Salon 2010

Weinberg and Kellogg graduate David Kabiller hosts alumni gatherings in New York City to help raise the University’s profile and build community.

by Marley Jay

Last January 150 Northwestern alumni and family members gathered in the Mandarin Oriental Hotel, high above New York City's Columbus Circle and just outside of Central Park, for Salon 2010, an evening of conversation, entertainment and laughter with comedian Stephen Colbert.

It was the fifth in a series of salons hosted by David Kabiller (WCAS85, KSM87) to explore topics of interest and relevance with a select group of alumni who are invited by the University trustee. Kabiller began organizing the salons in 2005 to strengthen Northwestern's philanthropic community in New York and to encourage graduates to contribute time and resources to the University.

Before founding the hedge fund AQR Capital Management in 1998, Kabiller had spent a decade at Goldman Sachs, where he saw strong bonds among alumni of other schools. But at the time he felt that Northwestern wasn't competing on the same scale.

Jonathan A. Rosen (WCAS81), co-chair of the New York Regional Council of the Northwestern University Leadership Circle, says the salon events have done a great deal to build community in New York. "In the beginning," he says, "the room was full of new faces, but now it's a room full of friends."

Kabiller underwrites the salons, while Northwestern's Office of Alumni Relations and Development helps organize them. The 2010 event was the largest so far, in part because of the night's special guest: Colbert (C86), host of The Colbert Report on Comedy Central (see "A Funny Man of Good Report," winter 2005). (Guest speakers at past events have included artist Jeff Koons, New York Times columnist Maureen Dowd, the late Tim Russert of NBC's Meet the Press and Northwestern professor Chad Mirkin.)

After the guests finished their drinks and headed to their dinner tables, Kabiller took the stage briefly. He thanked everyone for coming before ceding the stage to his co-host for the evening, University President Morton Schapiro, and to Colbert, who warned Schapiro that as the 16th University president he's "Northwestern's Abraham Lincoln" and should stay away from the theater.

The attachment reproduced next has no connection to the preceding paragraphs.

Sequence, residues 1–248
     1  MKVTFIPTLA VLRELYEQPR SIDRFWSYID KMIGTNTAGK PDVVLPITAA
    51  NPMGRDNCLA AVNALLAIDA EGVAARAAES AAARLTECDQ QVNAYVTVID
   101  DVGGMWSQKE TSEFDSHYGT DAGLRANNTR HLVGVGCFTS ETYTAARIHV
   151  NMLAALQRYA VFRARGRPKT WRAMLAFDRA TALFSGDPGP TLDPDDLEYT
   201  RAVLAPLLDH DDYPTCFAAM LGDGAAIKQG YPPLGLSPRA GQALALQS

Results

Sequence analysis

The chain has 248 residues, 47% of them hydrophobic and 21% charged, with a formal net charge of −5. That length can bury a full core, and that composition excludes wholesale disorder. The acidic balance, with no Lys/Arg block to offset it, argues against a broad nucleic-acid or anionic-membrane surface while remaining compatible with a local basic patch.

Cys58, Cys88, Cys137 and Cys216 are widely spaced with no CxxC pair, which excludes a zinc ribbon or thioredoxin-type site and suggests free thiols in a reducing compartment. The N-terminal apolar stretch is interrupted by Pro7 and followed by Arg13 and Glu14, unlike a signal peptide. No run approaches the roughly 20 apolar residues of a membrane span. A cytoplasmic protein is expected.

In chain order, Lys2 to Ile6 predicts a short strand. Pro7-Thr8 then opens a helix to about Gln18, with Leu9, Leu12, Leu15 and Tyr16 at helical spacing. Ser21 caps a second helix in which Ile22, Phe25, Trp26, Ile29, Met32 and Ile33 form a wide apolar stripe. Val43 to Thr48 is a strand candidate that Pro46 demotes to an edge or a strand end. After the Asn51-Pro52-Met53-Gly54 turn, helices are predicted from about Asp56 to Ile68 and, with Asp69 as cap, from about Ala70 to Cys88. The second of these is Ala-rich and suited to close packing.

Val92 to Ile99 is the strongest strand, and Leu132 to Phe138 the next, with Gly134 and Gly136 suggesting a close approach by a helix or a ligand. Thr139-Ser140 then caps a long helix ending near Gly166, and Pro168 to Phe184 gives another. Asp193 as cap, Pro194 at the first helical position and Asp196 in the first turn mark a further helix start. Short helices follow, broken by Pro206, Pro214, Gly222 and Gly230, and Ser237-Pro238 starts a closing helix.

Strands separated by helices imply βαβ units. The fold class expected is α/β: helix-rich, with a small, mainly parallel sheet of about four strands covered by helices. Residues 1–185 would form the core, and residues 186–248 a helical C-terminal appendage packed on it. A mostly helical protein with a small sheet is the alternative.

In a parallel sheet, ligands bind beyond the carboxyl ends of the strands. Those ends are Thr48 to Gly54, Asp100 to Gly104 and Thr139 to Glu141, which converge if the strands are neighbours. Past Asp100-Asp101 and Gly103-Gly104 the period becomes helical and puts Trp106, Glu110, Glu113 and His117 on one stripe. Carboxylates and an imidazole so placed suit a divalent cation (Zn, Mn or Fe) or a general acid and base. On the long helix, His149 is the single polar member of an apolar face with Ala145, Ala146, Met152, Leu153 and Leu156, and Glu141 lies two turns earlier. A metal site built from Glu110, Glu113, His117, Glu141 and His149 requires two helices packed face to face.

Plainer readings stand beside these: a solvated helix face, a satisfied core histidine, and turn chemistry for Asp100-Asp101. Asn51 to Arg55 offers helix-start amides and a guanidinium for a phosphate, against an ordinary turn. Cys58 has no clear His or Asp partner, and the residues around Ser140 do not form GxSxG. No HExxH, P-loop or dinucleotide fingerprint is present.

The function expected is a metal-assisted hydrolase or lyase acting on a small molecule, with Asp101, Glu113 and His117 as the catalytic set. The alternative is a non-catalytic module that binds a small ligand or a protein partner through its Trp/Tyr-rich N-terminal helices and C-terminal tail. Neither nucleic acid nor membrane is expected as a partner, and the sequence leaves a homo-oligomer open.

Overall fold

While Colbert's TV character boasts of a Dartmouth College undergraduate degree, the real Colbert lauded his Northwestern education. In an hour-long talk, he gave the audience the inside story on his show and career and credited the University's theater program in the School of Communication for his successes. "I was able to go to the best theater school in the U.S. and still get a fantastic liberal arts education," he said.

Colbert's point served to underscore another aspect of these salons. As Kabiller raises greater awareness for Northwestern University in the New York metropolitan region, he's also helping current students. He has created awards for an undergraduate student and a graduate student who have demonstrated academic excellence and are planning careers in finance. This year the salon honored Weinberg College of Arts and Sciences senior Harrison Shih, of Austin, Texas, and second-year Kellogg School of Management student Jason Stulberg of Bloomfield Hills, Mich.

Today, Kabiller's AQR Capital, which specializes in alternative investment strategies, manages almost $25 billion in assets. When Kabiller came to Northwestern, he considered a career in medicine but soon discovered he had a head for business.

From 1985 to 1994, Kabiller's parents ran the Sports Source, a Northwestern apparel store on Orrington Avenue. Those were bleak years for the Northwestern football team, but in 1985 David Kabiller heard a rumor that a major publication was going to rank Kellogg the No. 1 business school in the United States. Overnight he commissioned a T-shirt called "A Step Above," which featured a student climbing a staircase emblazoned with the names of other prestigious business schools. Kellogg was the top step.

The next day Business Week named Kellogg the country's No. 1 business school. Irving Kabiller, David's father, says the store opened at 6:30 a.m. and sold all 700 shirts in 90 minutes.

To this day David Kabiller is trying to tap into a deeper wellspring of support for Northwestern.

Marley Jay (J04), a reporter for the Associated Press, lives in New York City.